It depends what your needs are. WordPress will meet the needs for the majority of our clients. There's no reason to spend the money or time for custom coding and functionality if it can be produced in WordPress. WordPress is such a widely used platform (over 30% of sites are produced in WordPress) it will be around and supported for a long time. So if a new device or browser is introduced, and your website needs to be updated so it views correctly, it could be as simple as updating the template. WordPress is also easy to maintain yourself (depending on what you do), which is not the case with Joomla or a custom coded site. So it's scaleable and flexible and could possibly save you money for maintenance costs in the long run. That said, WordPress is not necessarily easy to implement and customize, I disagree that it doesn't require any skill and is comparable to a build it yourself system like Wix. A lot of templates out of the box don't look the way you want them to look (especially on mobile) and need to be customized which requires knowledge of CSS and HTML. There are a LOT of templates, so it helps to know which ones have a lot flexibility and good support. Also, it is important that your web designer have a handle on security issues. There's been a lot of problems with WordPress websites getting hacked because plugins or templates are outdated.
Use WordPress! You probably don't need to code your own site. WordPress templates are SOOOO customizable.
You also might want to check out Squarespace (http://squarespace.com/).
If you're talking coding it yourself and you're a web developer (and not simply a business owner that wants to DIY), then if you are skimping on this, you're not delivering custom work for your clients. And if you actually can't program the code yourself, you really can't call yourself a web developer. Simply tweaking a template and knowing a little bit of css and html is not the same as having the skills to develop a custom theme. One caveat: there is a difference with using frameworks (example: Skeleton, Bootstrap, Foundation, etc.), because most of those, although they do tend to be similar layouts, allow someone with programming knowledge to customize it how they wish. Frameworks are a time-saver. Grabbing a free or commercial theme, making a few edits, and then selling that to your client is not delivering custom service with their goals and particular needs and target market in mind.
Which brings up another thing: marketing and design need to go together. Populating a pre-made theme means you're stuck in someone else's box (and themes, especially commercial ones, are not easy to drastically change the layouts of). I've seen many sites where a theme and aspects of it seem forced, unnecessary, or simply wrong for the particular business or market. For instance, an accountant using a theme that was made with a designer in mind – complete with an image-based portfolio section. Or displaying 3 boxes/call outs on a home page even if it doesn't make sense to the particular business. There's a lot more that goes into crafting custom sites.
Pre-made themes are basically just upselling someone something that's already been done. It also doesn't take a lot of skill. And if you're not being transparent about what you're doing, it's also unethical. I have dealt with many clients who were told they were getting a custom product (and charged accordingly) only to be shocked when I pulled up the $50 exact design of their site on ThemeForest. I'm not saying anyone responding in this thread is doing that, but I am saying it happens a lot in this industry and it's not only a disservice to a client, but it cheapens the work, training, experience, and skill of many designers and developers.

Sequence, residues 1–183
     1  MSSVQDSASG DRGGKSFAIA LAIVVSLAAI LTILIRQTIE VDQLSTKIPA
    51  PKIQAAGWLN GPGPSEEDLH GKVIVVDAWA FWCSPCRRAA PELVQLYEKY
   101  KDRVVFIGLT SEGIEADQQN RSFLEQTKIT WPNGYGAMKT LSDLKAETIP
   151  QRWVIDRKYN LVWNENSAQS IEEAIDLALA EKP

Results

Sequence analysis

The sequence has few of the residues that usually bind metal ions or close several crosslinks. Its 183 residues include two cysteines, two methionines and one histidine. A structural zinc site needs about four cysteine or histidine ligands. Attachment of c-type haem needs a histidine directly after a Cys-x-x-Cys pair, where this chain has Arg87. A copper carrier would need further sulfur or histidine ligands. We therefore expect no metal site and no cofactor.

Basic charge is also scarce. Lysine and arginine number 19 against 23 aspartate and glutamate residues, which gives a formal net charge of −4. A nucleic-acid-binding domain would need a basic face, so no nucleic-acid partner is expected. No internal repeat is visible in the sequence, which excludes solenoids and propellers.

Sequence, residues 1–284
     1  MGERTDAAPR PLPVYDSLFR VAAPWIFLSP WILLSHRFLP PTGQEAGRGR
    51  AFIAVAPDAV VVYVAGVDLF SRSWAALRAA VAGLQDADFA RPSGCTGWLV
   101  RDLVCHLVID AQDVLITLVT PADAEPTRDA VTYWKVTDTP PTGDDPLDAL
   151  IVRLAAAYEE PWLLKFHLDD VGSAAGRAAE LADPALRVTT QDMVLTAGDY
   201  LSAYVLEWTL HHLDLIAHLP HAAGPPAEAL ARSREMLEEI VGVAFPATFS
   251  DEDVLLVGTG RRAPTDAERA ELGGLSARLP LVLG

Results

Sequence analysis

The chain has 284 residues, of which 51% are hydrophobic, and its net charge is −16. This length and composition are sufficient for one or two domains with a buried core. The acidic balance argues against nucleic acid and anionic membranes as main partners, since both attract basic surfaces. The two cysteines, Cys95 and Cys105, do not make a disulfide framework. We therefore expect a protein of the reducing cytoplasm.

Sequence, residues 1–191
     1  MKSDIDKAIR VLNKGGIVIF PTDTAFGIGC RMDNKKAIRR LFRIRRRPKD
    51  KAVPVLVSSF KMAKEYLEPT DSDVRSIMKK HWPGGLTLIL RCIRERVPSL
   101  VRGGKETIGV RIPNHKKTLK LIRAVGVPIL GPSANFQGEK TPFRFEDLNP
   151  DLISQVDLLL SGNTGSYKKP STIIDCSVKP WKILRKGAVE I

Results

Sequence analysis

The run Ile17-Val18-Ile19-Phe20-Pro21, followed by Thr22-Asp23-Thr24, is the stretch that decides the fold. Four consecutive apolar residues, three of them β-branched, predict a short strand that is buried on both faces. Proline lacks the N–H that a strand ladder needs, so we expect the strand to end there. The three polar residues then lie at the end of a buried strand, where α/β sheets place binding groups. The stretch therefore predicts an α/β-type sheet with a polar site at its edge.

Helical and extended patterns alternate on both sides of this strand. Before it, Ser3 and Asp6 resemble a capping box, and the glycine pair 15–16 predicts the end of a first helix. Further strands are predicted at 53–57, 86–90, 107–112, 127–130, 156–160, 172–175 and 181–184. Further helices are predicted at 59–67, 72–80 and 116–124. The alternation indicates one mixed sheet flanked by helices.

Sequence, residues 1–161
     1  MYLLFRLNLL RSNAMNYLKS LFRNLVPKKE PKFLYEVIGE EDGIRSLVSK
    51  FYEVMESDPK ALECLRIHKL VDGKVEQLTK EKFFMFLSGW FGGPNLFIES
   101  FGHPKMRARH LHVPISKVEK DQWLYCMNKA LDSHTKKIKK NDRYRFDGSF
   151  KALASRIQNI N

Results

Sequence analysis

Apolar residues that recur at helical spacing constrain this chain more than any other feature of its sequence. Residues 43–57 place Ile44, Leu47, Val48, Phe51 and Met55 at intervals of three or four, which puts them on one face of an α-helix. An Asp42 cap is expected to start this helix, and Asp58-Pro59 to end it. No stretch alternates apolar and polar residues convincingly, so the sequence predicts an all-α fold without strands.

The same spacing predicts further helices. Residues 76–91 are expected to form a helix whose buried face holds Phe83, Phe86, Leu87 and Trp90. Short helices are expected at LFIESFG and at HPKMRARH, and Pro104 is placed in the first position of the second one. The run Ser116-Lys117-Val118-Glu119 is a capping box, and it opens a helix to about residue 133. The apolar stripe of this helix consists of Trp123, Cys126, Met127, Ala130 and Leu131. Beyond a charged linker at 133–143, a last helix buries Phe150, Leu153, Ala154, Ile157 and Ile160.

If you are a business owner trying to cut costs and not hire a professional developer, then your options are to use systems like Wordpress with a pre-made theme, or other types of build-your-own-website services such as Wix (that are often, not all they're cracked up to be).
I use WordPress myself and teach my clients to use it. Because I teach computers to people who are often less than comfortable with the computer, it makes sense for me to use a point and click option like WordPress verses hand coding and either spending a lot of time maintaining websites or teaching people to code.
Coding yourself these days is a waste of time unless you are building a custom application where your requirements are specific.
If you're building a website as part of your marketing then you shouldn't code from scratch. Someone has already created all the subtle elements you will require.
I've used Wordpress a lot for basic to complex websites using a variety of plugins and themes to get the desired requirements met. We have done some custom coding but this is rare for most.
Now we build websites on the HubSpot COS.
We use this system because it is a complete all in one sales and marketing platform that is design not only to create beautiful websites but to manage all aspects of your online marketing including your website, blog, email marketing, social media, workflow automation, SEO and so much more.
If you goal is to market your business, then don't code yourself. Look into building your sales and marketing stack on HubSpot or build your systems by integrating Wordpress, with other tools like MailChimp, Hootsuite and the 1000's of Wordpress plugins and themes out there.
I mostly use WordPress because I can acquire a responsive-design theme that handles cross-platform (desktop / tablet / smartphone) presentation inexpensively or free and then augment the theme with plug-ins to add needed functionality. I can also do basic CSS and HTML changes to customize the theme with minimal effort. This handles the majority of my needs and my clients needs. If I truly NEED a custom site, then I would work with a 3rd party developer to create it. I would say the old 80/20 rule applies. 80% of the time WordPress is my go-to-solution.